81. 81. EXTERNAL VALIDITY (CONT.) • One other point: The world is constantly changing, so a model by definition may only be good for a time in the past, present, and future…and then has to be updated for applicability. 81
  82. 82. 7. SUMMARY 82
  83. 83. A FEW POINTS • Decision trees are a method of machine learning that identifies patterns in quantitative and categorical / nominal data. The data can be heterogeneous. • In general, the data can be large and analyzed at-scale. • Decision trees capture macro-level patterns in the data, not more nuanced analytics (which would require other methods and some human close- reading). • The machine-learning process involves the induction of rules from the training data (variables that inform the classification of records) that identify data patterns but also enable predictive analytics of non-training (test) data. 83
  84. 84. A FEW POINTS (CONT.) • Various techniques may be applied to strengthen the decision tree analysis method: data cleaning, data pre-processing, decision tree parameter- setting, and others. • Decision trees are more effective with some types of data than others. The model is never perfect even with full data sets because of inherent noise in data. • Machine learning is about finding patterns in data that may be invisible to the unaided human eye…and to theorizing…and other methods at getting at truth. 84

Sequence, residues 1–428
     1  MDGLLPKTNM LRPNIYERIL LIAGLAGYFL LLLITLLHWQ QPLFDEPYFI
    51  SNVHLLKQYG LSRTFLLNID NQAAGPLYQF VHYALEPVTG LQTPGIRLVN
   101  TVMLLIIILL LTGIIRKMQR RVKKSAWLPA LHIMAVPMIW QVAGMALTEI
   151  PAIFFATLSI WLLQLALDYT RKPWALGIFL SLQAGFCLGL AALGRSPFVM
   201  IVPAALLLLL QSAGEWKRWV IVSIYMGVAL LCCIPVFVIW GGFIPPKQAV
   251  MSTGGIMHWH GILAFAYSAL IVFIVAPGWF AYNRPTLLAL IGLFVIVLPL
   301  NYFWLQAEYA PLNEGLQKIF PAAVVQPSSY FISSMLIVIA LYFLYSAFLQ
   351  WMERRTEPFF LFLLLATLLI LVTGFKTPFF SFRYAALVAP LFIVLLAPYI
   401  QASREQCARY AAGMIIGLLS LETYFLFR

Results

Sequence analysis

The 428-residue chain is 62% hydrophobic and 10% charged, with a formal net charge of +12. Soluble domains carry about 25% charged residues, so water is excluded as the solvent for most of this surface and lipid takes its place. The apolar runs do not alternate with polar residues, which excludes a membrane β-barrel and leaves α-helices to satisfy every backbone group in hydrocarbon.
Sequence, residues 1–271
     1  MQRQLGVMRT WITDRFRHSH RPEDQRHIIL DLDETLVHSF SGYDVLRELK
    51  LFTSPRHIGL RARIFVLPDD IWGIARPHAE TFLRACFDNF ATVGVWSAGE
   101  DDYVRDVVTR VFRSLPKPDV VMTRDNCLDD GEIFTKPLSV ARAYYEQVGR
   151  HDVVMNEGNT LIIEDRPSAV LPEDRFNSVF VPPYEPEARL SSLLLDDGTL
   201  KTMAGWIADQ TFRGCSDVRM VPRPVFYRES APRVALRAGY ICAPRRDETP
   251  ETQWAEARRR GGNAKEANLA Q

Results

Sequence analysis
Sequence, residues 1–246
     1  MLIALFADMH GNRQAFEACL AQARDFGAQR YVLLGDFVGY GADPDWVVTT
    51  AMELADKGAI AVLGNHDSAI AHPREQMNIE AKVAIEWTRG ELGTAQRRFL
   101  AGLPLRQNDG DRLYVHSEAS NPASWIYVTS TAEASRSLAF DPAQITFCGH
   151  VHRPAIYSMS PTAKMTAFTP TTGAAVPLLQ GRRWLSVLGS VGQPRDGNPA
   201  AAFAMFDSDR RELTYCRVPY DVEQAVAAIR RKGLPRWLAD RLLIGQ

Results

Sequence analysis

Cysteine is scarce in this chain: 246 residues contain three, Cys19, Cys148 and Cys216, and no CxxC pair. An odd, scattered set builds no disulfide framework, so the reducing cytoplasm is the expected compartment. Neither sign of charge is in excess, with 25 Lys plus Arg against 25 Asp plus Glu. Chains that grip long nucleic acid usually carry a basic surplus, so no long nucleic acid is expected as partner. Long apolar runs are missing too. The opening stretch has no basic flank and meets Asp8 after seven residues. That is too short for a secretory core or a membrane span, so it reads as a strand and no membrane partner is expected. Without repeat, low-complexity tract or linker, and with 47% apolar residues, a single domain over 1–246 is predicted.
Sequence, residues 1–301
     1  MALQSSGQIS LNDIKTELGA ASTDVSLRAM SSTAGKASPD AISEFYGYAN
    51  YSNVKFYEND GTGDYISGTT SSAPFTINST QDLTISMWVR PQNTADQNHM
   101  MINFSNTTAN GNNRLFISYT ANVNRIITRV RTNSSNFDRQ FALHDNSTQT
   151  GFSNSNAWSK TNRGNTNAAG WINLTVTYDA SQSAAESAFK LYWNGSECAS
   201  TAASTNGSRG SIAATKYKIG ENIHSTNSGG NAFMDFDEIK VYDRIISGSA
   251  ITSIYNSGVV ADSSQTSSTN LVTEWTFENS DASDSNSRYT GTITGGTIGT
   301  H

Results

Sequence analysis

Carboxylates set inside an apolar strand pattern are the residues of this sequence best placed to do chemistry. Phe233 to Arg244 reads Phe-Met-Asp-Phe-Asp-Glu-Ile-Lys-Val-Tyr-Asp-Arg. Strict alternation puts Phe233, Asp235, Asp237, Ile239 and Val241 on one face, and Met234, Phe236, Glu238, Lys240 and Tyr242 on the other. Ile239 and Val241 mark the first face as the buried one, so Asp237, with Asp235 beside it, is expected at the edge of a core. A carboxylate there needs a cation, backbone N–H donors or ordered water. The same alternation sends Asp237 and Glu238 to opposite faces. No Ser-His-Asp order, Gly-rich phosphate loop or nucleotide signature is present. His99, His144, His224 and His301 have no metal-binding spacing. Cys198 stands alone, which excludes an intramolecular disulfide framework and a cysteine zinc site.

85. 85. A FEW POINTS (CONT.) • Model accuracy may be ascertained in RapidMiner Studio using various validation methods. Here, a cross-validation was run with output on classification accuracy performance. • There are methods to apply to the decision tree sequence to enhance the decision tree classification performance. • The decision tree machine learning method may be applied to educational and online learning data (as long as the data has a target classification and attributes / variables in the right data format or accurately convertible to the right data format). 85
  86. 86. CONCLUSION AND CONTACT • Dr. Shalin Hai-Jew, Instructional Designer • iTAC, Kansas State University • 212 Hale Library • 785-532-5262 • • Notes: The presenter is an early user of machine-learning-based decision trees. The presenter has no tie to the software maker of RapidMiner Studio. • Thanks! Thanks to the event organizers for accepting this presentation. 86